23. 23. the investigator does not know a priori the structure of the data (cluster analysis is, after all, intended to help to uncover any structure), there is a danger of interpreting all clustering solutions in terms of the existence of distinct (natural) clusters. The investigator may then conveniently ‘ignore’ the possibility that the classification produced by a cluster analysis is an artefact of the method and that actually she is imposing a structure on her data rather than discovering something about the actual structure. This is a very real problem in the application of clustering techniques, and one which will be the subject of further discussion in later chapters. 1.5 Examples of the use of clustering The general problem which cluster analysis addresses appears in many disci- plines: biology, botany, medicine, psychology, geography, marketing, image processing, psychiatry, archaeology, etc. Here we describe briefly a number of applications of cluster analysis reported in some of these disciplines. Several of these applications will be described more fully in later chapters, as will a variety of other applications not mentioned below. 1.5.1 Market research Dividing customers into homogeneous groups is one of the basic strategies of marketing. A market researcher may, for example, ask how to group consumers who seek similar benefits from a product so he or she can communicate with them better. Or a market analyst may be interested in grouping financial characteristics of companies so as to be able to relate them to their stock market performance. An early specific example of the use of cluster analysis in market research is given in Green et al. (1967). A large number of cities were available that could be used as test markets but, due to economic factors, testing had to be restricted to only a small number of these. Cluster analysis was used to classify the cities into a small number of groups on the basis of 14 variables including city size, newspaper circulation and per capita income. Because cities within a group could be expected to be very similar to each other, choosing one city from each group was used as a means of selecting the test markets. Another application of cluster analysis in market research is described in Chakrapani (2004). A car manufacturer believes that buying a sports car is not solely based on one’s means or on one’s age but it is more a lifestyle decision, with sports car buyers having a pattern of lifestyle that is different from those who do not buy sports cars. Consequently, the manufacturer employs cluster analysis to try to identify people with a lifestyle most associated with buying sports cars, to create a focused marketing campaign. 1.5.2 Astronomy Large multivariate astronomical data bases are frequently suspected of containing relatively distinct groups of objects which must be distinguished from each other. AN INTRODUCTION TO CLASSIFICATION AND CLUSTERING 9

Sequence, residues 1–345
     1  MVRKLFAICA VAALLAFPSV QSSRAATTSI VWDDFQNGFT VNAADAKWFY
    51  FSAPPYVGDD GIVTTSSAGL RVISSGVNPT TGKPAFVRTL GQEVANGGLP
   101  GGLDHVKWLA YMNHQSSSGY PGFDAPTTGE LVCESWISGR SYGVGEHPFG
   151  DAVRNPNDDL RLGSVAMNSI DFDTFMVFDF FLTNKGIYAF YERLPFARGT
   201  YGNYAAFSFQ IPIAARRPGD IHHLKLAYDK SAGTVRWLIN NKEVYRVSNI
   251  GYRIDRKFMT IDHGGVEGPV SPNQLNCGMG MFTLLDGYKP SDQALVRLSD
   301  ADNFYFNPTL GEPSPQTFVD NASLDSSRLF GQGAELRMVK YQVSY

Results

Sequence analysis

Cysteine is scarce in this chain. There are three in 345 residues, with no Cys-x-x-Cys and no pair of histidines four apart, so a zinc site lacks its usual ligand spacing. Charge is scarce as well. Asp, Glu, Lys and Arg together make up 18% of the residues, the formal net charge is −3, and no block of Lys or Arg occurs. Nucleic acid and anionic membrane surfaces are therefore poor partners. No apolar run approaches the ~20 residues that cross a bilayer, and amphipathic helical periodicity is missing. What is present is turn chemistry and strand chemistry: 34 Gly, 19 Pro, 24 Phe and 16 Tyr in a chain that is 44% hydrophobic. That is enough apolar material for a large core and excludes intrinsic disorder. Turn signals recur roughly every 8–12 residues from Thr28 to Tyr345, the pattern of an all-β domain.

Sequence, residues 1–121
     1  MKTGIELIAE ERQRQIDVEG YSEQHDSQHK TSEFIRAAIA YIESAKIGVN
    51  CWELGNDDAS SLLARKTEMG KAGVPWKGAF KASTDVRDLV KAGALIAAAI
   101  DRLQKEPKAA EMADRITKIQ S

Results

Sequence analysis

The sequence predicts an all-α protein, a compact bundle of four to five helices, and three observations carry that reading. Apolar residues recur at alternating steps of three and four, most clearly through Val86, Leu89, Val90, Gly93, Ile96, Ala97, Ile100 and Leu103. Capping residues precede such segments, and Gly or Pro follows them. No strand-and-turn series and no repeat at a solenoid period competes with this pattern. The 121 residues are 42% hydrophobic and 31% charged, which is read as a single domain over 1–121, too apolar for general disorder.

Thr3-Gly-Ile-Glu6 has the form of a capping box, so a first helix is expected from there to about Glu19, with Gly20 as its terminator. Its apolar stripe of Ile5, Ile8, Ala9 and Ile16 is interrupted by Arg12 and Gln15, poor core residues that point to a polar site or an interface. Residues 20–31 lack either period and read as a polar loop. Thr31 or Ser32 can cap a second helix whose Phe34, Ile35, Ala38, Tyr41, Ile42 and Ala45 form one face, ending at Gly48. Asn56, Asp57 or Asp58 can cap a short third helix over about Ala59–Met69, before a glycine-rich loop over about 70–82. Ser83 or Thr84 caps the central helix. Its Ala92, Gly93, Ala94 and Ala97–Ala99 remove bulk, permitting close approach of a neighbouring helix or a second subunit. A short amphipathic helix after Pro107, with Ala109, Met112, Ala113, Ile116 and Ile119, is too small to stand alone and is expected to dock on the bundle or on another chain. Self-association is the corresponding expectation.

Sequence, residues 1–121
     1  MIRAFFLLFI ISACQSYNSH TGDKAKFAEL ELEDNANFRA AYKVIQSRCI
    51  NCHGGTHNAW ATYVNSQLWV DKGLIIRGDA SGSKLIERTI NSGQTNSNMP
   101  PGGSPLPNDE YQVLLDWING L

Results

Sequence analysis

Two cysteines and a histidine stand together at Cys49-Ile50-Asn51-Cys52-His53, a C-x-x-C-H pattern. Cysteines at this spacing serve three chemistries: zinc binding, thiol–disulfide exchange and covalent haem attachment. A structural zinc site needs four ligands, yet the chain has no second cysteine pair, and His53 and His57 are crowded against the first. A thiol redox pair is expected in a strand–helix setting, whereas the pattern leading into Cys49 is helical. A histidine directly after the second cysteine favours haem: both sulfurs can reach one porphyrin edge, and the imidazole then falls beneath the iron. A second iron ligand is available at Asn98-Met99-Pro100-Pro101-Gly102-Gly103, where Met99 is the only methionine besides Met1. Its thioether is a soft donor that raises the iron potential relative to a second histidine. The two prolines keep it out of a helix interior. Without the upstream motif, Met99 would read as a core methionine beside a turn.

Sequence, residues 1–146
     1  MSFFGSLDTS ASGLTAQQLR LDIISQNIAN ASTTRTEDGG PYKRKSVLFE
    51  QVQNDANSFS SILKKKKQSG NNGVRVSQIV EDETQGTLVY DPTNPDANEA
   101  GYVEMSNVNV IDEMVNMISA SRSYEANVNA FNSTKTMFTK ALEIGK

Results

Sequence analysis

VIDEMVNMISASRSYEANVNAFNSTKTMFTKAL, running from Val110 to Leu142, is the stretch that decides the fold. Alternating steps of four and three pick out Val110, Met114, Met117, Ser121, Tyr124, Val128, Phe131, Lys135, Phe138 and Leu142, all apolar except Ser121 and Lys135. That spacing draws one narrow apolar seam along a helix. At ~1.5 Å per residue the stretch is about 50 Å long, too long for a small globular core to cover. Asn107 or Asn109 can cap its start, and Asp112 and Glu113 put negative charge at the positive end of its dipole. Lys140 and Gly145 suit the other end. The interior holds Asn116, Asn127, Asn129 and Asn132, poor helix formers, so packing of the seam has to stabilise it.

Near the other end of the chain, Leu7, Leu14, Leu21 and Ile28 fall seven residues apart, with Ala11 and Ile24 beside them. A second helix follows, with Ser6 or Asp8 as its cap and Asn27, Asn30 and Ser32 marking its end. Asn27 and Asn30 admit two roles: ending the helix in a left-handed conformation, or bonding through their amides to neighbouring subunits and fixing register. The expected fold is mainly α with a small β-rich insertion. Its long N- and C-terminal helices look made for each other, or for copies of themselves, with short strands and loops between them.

24. 24. Astronomers want to know how many distinct classes of, for example, stars there are on the basis of some statistical criterion. The typical scientific questions posed are ‘How many statistically distinct classes of objects are in this data set and which objects are to be assigned to which classes? Are previously unknown classes of objects present?’ Cluster analysis can be used to classify astronomical objects, and can often help astronomers find unusual objects within a flood of data. Examples include discoveries of high-redshift quasars, type 2 quasars (highly luminous, active galactic nuclei, whose centres are obscured by gas and dust), and brown dwarfs. One specific example is the study reported by Fau´ndez-Abans et al. (1996), who applied a clustering technique due to Ward (1963) (see Chapter 4) to data on the chemical composition of 192 planetary nebulae. Six groups were identified which were similar in many respects to a previously used classification of such objects, but which also showed interesting differences. A second astronomical example comes from Celeux and Govaert (1992), who apply normal mixture models (see Chapter 6) to stellar data consisting of a population of 2370 stars described by their velocities towards the galactic centre and towards the galactic rotation. Using a three-cluster model, they find a large-size, small-volume cluster, and two small-size, large-volume clusters. For a fuller account of the use of cluster analysis in astronomy see Babu and Feigelson (1996). 1.5.3 Psychiatry Diseases of the mind are more elusive than diseases of the body, and there has been much interest in psychiatry in using cluster analysis techniques to refine or even redefine current diagnostic categories. Much of this work has involved depressed patients, where interest primarily centres on the question of the existence of endogenous and neurotic subtypes. Pilowsky et al. (1969), for example, using a method described in Wallace and Boulton (1968), clustered 200 patients on the basis of their responses to a depression questionnaire, together with information about their mental state, sex, age and length of illness. (Notice once again the different types of variable involved.) One of the clusters produced was identified with endogenous depression. A similar study by Paykel (1971), using 165 patients and a clustering method due to Friedman and Rubin (1967) (see Chapter 5), indicated four groups, one of which was clearly psychotic depression. A general review of the classification of depression is given in Farmer et al. (1983). Cluster analysis has also been used to find a classification of individuals who attempt suicide, which might form the basis for studies into the causes and treatment of the problem. Paykel and Rassaby (1978), for example, studied 236 suicide attempters presenting at the main emergency service of a city in the USA. From the pool of availablevariables, 14 were selected as particularly relevant to classification and used in the analysis. These included age, number of previous suicide attempts, severity of depression and hostility, plus a number of demographic characteristics. A number of cluster methods, for example Ward’s method, were applied to the data, 10 CLUSTER ANALYSIS